Young British talents Joe Dempsie, Freya Mavor, Jamie Dornan and Alice Englert star in this period drama
‘New Worlds’ is Peter Flannery’s sequel to the excellent English Civil War drama 'The Devil’s Whore.' Set in the 1680s, the drama sees two young men and two young women – from different sides of the Atlantic - take on the powers that be in a fight against tyranny and for love.
New Worlds kicks off tonight (April 1) at 9pm on Channel 4
"It shows the beginning of the American dream," explains 19-year-old Alice Englert, one of the four young British talents starring in the Channel 4 drama. "What will be fascinating for UK audiences is looking at the beginning, how that dream was always going to be built on something quite… gross."
Continue reading: 'New Worlds' Kicks Off Tonight: What Should We Expect?
Claustrophobic and creepy, this experiment in contained horror has its moments as just three characters circle around each other. But the approach is almost infuriatingly vague, which eliminates any real suspense. Still, it's sharply well shot and played, with a moody atmosphere that builds a strong sense of uncertainty. And director Lovering is extremely adept at making us jump at something unexpected.
It all kicks off when Tom (De Caestecker) invites Lucy (Englert) to attend a Northern Irish music festival with him. They've only been dating for a couple of weeks, and he's hoping this weekend clinches the deal, so he books a night in a romantic, isolated hotel. But on the way they are thoroughly unnerved by locals in a pub as they get lost on country lanes that, of course, are outside mobile phone and GPS coverage. There's also the problem that the hotel's signs are sending them in circles, and as night falls they wonder if they'll ever get there. All of which badly strains their new relationship. Then they run into a young guy (Leech) in the middle of the road.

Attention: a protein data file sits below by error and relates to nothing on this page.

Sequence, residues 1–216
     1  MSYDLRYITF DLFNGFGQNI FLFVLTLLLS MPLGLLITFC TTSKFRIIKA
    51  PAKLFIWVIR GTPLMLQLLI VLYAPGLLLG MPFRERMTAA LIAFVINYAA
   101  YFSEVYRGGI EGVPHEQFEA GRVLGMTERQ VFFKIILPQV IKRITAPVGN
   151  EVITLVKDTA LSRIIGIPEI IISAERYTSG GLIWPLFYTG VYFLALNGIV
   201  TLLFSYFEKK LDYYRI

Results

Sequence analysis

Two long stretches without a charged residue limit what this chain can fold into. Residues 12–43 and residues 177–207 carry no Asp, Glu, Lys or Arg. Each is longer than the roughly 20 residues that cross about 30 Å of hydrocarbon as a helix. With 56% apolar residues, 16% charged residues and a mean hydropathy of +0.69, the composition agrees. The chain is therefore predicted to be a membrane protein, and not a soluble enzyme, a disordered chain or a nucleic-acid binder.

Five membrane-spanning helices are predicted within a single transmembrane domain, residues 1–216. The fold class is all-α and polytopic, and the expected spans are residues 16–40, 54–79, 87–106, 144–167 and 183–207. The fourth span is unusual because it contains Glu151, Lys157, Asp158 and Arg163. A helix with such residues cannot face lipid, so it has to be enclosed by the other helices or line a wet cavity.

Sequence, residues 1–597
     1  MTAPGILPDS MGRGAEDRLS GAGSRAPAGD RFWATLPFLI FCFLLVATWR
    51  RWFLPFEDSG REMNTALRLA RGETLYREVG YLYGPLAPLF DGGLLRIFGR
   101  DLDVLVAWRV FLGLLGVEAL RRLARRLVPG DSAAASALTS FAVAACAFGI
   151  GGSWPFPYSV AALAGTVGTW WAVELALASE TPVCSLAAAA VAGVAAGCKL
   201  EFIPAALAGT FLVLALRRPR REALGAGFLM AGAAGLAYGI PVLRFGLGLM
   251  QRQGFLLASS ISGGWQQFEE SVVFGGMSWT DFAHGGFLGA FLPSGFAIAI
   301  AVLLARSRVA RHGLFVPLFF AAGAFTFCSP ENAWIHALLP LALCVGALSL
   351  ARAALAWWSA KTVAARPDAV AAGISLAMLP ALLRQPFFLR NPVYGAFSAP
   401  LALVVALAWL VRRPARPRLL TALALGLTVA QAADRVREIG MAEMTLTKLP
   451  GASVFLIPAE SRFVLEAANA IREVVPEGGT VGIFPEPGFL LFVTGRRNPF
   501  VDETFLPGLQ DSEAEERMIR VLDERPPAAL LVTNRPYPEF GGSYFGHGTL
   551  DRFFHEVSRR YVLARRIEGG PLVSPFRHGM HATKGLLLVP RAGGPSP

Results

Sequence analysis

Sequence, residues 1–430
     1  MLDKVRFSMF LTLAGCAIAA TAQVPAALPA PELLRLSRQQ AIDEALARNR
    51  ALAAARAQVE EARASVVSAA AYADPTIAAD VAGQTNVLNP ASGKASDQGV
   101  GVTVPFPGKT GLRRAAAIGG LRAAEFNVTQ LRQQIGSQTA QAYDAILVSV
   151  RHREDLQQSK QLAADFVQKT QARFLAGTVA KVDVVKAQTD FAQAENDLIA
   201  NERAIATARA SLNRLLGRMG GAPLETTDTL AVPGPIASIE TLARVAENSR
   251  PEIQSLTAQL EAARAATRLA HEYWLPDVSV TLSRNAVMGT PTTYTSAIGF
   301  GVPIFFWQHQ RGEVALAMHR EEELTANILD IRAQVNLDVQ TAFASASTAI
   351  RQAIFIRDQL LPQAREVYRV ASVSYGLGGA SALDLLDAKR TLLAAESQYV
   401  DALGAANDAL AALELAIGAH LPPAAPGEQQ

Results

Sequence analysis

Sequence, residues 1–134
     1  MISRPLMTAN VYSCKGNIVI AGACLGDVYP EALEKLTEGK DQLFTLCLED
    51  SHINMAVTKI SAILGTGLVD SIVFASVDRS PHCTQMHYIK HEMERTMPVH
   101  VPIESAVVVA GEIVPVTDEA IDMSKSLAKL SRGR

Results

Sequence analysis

With only three actors in the cast, it helps that they're all experts at bringing out subtle layers of intensity in each scene. The film is a riot of stolen glances and verbal jabs. These are people who don't always react in the most helpful ways, and they even seem to surprise themselves with the self-centred things they do. But for Lovering this interaction doesn't seem to be enough, and he shifts the focus to the fact that there's something evil and menacing in the darkness and rain, abandoning the more interesting character tension for random violence.
Continue reading: In Fear Review
While this package has all of the key marketing elements to reach the Twilight audience, the film itself is rather a lot more fun, made with some wit and intelligence, plus a cast that's happy to chomp on the scenery. Based on a four-novel series, this film actually has more in common with True Blood than Twilight, with its Deep South setting and the clash between religious fundamentalism and supernatural beings.